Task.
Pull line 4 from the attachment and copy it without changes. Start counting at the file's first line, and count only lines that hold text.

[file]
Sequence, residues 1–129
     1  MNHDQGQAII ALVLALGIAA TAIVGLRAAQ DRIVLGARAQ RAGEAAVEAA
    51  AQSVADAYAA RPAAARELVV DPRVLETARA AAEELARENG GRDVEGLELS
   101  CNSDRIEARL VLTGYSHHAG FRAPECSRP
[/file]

   101  CNSDRIEARL VLTGYSHHAG FRAPECSRP